Bumper green fee income swings record profit for Lahinch Golf Club

Bumper green fee revenues contributed to Lahinch Golf Club enjoying another record-breaking year as its operating surplus increased to €2.1 million.

Green fees receipts of €3.19 million resulted in overall revenues increasing by 5 per cent, or €237,196, from €4.94 million to €5.18 million for 2023.

The club’s Golf Shop alone generated €1.4 million in revenues during the year from the sale of Lahinch GC branded clothing, accessories and other items, and contributed a gross profit of €700,316 to the club’s finances.

In comments attached to the club’s 2023 annual report, club chairman John Gleeson stated that “it was a record financial year for the club” with an operating surplus of €2.1 million. It tops the then record breaking surplus of €2 million the previous year.

“Golfing activity was at record levels by both members and guests which has allowed us to rebuild our finances as we engage on several major capital projects over the next few years,” Mr Gleeson said.

The golf club recently secured planning permission from Clare County Council for an upgrade to its “no longer fit for purpose” clubhouse, now almost 60-years-old, and Mr Gleeson said the project will cost in the region of €5 million.

The club’s finances were also boosted by new members spending €220,000 on entrance fees for the much sought after club membership while an additional €185,000 was paid to the club for “overseas life memberships”.

Current US Masters champion and LIV tour member, Jon Rahm, won the highly successful Dubai Duty Free Irish Open staged at Lahinch in 2019 which raised the course’s international profile.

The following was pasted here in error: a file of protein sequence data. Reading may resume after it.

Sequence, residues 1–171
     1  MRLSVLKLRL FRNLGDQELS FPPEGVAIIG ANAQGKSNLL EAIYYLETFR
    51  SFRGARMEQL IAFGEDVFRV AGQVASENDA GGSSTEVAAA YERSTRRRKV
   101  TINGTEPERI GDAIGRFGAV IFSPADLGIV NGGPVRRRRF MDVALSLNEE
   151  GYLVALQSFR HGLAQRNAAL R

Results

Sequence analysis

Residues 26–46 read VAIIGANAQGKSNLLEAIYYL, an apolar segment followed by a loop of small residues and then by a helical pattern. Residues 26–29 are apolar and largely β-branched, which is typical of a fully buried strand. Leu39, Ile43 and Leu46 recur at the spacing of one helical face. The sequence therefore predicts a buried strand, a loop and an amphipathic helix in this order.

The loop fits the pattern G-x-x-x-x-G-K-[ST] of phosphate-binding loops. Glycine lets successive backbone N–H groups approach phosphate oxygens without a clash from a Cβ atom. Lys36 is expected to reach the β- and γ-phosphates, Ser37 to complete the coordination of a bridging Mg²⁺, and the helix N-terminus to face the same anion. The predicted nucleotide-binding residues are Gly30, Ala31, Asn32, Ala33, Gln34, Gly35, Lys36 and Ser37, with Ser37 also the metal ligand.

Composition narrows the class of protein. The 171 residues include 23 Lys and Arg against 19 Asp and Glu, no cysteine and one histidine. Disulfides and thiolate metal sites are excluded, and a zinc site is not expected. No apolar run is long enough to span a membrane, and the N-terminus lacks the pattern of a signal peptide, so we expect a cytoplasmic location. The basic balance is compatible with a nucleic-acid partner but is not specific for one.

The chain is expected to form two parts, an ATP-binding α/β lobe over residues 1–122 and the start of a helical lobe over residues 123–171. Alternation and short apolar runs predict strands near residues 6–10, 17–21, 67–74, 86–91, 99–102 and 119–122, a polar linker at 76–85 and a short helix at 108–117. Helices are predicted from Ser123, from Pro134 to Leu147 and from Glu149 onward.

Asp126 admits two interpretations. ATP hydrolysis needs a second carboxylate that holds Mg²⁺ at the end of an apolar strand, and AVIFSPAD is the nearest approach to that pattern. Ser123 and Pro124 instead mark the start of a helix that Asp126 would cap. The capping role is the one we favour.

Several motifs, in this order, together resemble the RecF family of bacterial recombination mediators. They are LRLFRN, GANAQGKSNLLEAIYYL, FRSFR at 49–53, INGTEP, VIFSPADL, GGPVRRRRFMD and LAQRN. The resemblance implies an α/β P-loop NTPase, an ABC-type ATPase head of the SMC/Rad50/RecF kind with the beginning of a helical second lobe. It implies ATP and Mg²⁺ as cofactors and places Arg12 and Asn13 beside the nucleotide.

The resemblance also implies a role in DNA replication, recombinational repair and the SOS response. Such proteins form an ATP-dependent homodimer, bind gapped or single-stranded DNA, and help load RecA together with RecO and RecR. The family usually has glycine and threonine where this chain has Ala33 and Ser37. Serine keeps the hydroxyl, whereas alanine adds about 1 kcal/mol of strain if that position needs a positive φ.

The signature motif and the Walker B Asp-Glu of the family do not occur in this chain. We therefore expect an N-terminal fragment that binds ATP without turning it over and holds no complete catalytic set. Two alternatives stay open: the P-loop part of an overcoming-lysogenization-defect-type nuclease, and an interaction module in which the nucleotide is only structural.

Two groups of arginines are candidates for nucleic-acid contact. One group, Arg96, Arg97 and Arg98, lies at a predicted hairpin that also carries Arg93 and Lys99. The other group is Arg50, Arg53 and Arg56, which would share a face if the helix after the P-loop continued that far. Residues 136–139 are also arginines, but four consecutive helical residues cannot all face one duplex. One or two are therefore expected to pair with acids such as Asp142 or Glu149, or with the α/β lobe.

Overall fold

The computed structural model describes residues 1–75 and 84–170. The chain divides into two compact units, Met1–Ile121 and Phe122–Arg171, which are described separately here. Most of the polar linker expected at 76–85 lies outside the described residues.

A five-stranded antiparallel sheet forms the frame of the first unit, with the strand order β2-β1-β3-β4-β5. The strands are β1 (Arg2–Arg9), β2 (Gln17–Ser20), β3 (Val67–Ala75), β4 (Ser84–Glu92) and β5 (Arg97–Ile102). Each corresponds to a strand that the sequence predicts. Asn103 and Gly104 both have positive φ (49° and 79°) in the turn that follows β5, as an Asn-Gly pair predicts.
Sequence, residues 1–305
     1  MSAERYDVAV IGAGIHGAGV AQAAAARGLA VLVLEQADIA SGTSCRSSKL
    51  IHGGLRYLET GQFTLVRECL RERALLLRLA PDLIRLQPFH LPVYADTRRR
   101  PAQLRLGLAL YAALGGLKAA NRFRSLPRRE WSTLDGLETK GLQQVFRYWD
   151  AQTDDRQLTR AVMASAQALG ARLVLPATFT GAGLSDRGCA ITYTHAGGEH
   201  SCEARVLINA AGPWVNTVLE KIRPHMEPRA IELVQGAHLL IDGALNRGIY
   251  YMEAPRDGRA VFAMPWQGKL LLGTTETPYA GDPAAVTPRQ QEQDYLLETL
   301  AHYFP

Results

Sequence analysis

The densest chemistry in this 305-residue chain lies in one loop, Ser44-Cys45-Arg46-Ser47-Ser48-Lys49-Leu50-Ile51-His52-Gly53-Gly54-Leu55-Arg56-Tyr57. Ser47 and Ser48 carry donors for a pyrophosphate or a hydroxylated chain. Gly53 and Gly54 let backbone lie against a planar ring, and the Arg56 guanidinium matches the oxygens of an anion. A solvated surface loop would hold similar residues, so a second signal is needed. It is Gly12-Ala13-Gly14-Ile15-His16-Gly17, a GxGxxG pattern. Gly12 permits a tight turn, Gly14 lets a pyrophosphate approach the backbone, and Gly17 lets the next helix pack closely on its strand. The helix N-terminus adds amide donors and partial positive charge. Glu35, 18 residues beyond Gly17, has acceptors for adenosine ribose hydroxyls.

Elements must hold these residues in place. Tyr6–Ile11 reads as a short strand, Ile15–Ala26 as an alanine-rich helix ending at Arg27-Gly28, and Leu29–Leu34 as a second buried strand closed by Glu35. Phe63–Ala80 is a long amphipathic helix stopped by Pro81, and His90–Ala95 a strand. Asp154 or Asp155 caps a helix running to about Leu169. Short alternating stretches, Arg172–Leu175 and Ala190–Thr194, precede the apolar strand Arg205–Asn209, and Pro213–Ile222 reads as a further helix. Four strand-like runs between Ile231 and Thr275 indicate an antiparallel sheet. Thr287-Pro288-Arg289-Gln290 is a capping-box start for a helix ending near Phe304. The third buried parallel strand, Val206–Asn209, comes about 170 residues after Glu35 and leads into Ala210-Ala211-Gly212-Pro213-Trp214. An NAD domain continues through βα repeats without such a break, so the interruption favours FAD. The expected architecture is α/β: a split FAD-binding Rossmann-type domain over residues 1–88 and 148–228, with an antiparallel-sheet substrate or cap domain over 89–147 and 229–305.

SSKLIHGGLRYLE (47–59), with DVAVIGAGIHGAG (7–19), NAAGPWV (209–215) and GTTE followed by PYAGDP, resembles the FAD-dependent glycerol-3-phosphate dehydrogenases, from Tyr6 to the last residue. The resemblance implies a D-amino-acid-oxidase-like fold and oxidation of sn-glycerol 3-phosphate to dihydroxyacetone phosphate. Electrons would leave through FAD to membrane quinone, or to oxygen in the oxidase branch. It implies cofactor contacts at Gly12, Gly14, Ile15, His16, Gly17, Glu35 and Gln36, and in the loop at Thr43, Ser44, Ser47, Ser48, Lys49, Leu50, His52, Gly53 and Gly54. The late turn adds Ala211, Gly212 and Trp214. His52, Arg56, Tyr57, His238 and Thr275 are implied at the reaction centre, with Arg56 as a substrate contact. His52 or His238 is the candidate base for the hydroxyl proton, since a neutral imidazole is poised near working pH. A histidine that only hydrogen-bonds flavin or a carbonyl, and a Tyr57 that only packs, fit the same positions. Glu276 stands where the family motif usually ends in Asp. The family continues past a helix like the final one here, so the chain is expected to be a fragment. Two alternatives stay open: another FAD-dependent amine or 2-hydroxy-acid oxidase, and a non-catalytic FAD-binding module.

US golfers usually make up a sizeable chunk of the green fee income and while less visitor tee times will be available this summer for the World Top 50 Golf Course, the annual report estimates last year’s green fee income will be topped this year, increasing to €3.2 million.

It follows the club’s decision to increase its rates for the golf club’s celebrated Old Course from €275 last summer to €325 between April 22nd and October 11th this year.

Mr Gleeson describes the Old Course as ‘iconic’ and “continues to be our jewel” attracting people from all corners of the world.

Overall staff costs last year increased from €1.65 million to €1.88 million.

At the end of December, the golf club’s equity had increased to €10 million, made up of €8 million in accumulated funds and €2 million in a contingency fund.

The golf club’s cash funds declined from €4.06m to €3.57 million due mainly to its decision to invest in Government bonds which had a value of €999,247.


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